Image: Janis Nicolay
When you've got a builder and a designer in the family, buying a home means focusing on the location – everything else can be fixed.
A spectacular home in an oceanside West Vancouver neighbourhood doesn't just spring up overnight, even if it's owned by an established builder-designer team.
Julian Bannister (owner of J. Bannister Homes for 17 years) and his wife, Karen Sander (who acts as a designer on the majority of his projects), purchased this hillside lot 14 years ago for its breathtaking views and prime location - but didn't start building their home here until much later.
The couple knew the original house would eventually have to go. "It was a teardown when we bought it, with squirrels in the roof and raccoons under the deck, but we knew we wanted to build here," says Karen. So they lived elsewhere while saving up to construct the perfect place from scratch.
It was 2011 when the pair finally broke ground for their 7,000-square-foot dream home, which took 20 months to complete and now boasts a view-maximizing outdoor space with a covered patio, open-air kitchen, a pool and a yard. And thanks to the advantage of experience, the couple had a firm concept of what would suit both their aesthetic and their family's busy lifestyle.
"I'm always drawn to a minimal modern look, but I knew it wasn't realistic for us," says Karen. "We've got a little pack of kids [ages 10, 11 and 12] – as well as a dog, rabbit, bird and fish – it’s a busy, crazy, chaotic household. We wanted comfort and something that reflected us.” So she and her husband created a contemporary envelope with modern elements and layered in treasured items and antiques for a truly eclectic look.
The living room features the 150-year-old burled walnut grand piano that has been in Karen’s family for generations; the library showcases a collection of antique books, plus mementoes from their travels; and the family room is a veritable natural history museum full of items found on the beach or in the woods (the clan loves to gather feathers, shells and driftwood while on their frequent camping trips).
To bring texture to the home’s neutral envelope, the couple incorporated an intriguing mix of materials – concrete, bronze, steel and 120-year-old Canadian barnboard, for example – that add interest and withstand wear and tear. “We do a lot of hardwood floors in lots of houses we build,” says Karen, “but they don’t always hold up to kids playing around on scooters and roller skates – so we went with travertine.”
However, Karen doesn’t mind a bit of wear; in fact, she welcomes it. “The kitchen table is scratched and dented and has glitter glue stuck in the grooves – and it puts a smile on my face,” she says. “It means we’re really enjoying the space to its fullest.” And that’s what the couple built this house for: enjoying their life and family, and relishing every moment.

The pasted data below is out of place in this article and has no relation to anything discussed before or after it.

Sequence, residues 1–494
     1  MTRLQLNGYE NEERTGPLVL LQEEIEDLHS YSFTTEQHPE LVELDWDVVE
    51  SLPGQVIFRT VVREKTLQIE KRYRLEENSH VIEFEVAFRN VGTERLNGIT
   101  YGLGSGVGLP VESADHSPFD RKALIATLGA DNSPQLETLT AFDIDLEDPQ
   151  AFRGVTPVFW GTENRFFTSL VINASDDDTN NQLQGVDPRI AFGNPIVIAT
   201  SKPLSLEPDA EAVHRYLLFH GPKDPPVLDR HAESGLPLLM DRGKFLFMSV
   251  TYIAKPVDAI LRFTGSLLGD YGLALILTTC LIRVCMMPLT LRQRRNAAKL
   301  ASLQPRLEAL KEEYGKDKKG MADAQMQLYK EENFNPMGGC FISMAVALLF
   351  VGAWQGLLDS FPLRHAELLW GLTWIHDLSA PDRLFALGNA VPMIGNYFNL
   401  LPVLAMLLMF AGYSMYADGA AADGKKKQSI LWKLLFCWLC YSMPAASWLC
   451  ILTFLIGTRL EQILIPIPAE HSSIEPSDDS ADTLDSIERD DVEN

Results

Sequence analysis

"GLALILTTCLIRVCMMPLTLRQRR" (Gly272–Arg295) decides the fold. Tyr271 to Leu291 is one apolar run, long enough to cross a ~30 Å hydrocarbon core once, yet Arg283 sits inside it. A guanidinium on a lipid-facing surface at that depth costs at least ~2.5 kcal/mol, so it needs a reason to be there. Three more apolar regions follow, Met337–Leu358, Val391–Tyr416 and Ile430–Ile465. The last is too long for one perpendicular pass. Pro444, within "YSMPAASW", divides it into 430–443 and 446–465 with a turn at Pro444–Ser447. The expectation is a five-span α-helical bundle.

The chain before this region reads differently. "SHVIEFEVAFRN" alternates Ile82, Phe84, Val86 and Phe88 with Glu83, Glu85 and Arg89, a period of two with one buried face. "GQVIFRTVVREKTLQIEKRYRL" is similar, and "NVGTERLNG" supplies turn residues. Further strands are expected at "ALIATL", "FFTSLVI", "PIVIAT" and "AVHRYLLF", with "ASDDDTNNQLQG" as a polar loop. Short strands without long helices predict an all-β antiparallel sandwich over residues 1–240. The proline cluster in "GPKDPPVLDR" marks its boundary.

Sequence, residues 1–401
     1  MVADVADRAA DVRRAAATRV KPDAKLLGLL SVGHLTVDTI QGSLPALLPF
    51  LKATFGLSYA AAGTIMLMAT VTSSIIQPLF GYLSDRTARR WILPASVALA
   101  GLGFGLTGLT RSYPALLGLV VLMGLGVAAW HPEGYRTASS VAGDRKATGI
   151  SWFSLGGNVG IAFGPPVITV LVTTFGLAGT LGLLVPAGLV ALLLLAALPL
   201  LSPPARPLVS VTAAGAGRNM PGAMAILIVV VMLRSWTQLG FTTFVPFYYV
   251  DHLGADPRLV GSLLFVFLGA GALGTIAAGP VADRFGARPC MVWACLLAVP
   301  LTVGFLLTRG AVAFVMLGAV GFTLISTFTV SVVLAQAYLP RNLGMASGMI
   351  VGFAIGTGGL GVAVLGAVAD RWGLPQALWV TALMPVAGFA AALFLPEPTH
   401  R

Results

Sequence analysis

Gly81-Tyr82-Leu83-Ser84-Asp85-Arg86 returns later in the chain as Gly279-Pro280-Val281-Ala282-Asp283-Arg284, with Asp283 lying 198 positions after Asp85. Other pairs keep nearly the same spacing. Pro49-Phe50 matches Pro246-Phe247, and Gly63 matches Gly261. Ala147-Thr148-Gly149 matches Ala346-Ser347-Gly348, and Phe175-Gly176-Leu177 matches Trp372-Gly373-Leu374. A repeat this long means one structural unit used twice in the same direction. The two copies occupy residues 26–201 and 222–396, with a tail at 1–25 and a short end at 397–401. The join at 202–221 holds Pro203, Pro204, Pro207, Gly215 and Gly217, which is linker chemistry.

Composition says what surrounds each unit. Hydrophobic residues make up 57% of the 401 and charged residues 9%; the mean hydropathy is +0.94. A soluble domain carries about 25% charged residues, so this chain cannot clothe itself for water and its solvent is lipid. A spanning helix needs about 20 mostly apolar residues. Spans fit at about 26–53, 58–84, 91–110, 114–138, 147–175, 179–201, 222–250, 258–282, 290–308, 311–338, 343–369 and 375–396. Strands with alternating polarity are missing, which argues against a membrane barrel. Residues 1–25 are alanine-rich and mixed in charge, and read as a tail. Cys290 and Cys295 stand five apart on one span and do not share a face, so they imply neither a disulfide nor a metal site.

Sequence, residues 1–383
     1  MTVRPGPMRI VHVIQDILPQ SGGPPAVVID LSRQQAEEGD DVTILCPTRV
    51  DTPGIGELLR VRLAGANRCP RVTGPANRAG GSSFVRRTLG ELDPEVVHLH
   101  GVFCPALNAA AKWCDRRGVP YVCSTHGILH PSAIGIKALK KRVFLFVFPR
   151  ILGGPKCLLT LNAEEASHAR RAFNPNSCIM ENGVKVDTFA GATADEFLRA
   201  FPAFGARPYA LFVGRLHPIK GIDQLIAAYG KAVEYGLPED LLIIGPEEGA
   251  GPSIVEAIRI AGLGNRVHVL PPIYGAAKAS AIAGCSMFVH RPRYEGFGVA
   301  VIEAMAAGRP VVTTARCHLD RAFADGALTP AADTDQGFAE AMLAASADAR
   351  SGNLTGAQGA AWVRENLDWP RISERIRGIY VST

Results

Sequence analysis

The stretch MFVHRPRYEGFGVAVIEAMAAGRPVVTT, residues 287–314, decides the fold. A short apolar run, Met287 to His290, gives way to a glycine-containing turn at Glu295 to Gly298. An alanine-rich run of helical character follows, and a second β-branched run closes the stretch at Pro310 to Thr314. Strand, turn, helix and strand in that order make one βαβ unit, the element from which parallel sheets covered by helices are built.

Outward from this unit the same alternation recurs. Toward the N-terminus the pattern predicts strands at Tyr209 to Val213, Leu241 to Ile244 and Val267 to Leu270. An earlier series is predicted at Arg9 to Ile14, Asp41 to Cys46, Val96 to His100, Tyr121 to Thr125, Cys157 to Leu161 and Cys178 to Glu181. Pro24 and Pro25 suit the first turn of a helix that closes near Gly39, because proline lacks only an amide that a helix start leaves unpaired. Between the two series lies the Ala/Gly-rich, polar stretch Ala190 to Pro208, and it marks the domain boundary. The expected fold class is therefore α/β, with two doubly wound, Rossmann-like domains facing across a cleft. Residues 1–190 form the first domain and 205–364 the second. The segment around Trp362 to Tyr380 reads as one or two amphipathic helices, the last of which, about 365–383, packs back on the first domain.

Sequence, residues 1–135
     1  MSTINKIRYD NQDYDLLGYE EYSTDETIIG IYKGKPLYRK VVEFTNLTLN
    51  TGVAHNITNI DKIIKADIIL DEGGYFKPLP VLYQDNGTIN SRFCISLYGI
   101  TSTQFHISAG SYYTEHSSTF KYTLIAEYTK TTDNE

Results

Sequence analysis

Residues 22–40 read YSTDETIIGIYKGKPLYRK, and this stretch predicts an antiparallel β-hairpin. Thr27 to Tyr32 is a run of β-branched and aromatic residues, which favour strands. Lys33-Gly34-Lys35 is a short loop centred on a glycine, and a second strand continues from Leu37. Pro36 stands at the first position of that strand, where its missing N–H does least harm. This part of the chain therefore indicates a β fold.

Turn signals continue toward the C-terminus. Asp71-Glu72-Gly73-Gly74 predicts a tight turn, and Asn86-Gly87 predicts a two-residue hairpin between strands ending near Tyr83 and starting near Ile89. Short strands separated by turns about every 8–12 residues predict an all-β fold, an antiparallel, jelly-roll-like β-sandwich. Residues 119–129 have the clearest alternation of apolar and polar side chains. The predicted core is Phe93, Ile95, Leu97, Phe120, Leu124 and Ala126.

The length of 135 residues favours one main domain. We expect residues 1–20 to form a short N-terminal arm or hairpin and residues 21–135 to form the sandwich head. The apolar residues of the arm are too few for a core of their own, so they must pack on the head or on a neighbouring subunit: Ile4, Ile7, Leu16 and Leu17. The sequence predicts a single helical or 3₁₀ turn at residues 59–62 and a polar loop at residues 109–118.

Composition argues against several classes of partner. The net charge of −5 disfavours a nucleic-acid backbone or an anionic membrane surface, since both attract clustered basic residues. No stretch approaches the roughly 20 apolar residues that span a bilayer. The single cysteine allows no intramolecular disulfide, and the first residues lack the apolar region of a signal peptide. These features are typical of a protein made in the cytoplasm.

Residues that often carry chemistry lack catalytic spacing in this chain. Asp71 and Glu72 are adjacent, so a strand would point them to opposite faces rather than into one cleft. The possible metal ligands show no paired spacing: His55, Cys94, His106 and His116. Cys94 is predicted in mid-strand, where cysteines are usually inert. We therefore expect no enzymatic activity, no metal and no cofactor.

The striking living room fireplace is made of one giant piece of carved granite, which required a crane to lift into the house. It’s complemented by the understated poured concrete hearth, placed at a comfortable height for extra seating when needed.
“My grandfather played it, my mom played it, and now my son’s playing it,” says homeowner Karen Sander of the 150-year-old grand piano in the living room. “It’s been through four generations with us.” An iron and crystal chandelier anchors the piano area, while a faux concrete feature wall lends interest.
The library’s stained-oak bookcases display a collection of antique books and mementoes from places like Nigeria and India. “I envisioned a modern version of a traditional library,” says Karen. The chandelier is made of metal beads; Karen inherited the ornate 1870s English oak desk.
In the kitchen, a traditional harvest table is surrounded by black, white and grey mid-century-style chairs. The series of hand-blown glass pendant lights hanging above is echoed in the row of jars and vases on the table.
The kitchen’s bronze-clad range hood was treated to create an aged look. “I wanted its patina to tie in with the barnboard we used in the family room,” says Karen. The stunning backsplash is made of a single slab of travertine.
Two of the homeowners’ three kids, Gavin, 10, and Lexy, 11, catch up on their reading at the dining table. The salvaged Sealtest milk sign adds a pop of red that’s carried through the rest of the home.
Outside the kitchen of this Vancouver home, the covered patio features a massive skylight, a luxury that amplifies the open outdoor feel but still provides shelter from the elements.
Hovering above the family room’s homework desk are cabinets made from 120-year-old barnboard gussied up with bronze hardware.
The dramatic mixture of materials continues into the master bedroom: A feature wall behind the bed is covered in lacquered cold-rolled steel panels and the gas fireplace surround is made of a single slab of travertine.
The master bathroom’s two vanities, made of stained wood and limestone, are the perfect marriage of form and function. With their mix of ample closed storage and clean-lined open shelving, they create a modern minimalistic floating look.